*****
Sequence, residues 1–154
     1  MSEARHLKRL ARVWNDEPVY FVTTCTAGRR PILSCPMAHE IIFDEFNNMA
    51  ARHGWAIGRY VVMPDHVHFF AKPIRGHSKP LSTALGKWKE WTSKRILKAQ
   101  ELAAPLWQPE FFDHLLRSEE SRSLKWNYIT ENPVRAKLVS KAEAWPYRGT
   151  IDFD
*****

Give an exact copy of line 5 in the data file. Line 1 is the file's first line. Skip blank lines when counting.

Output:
   151  IDFD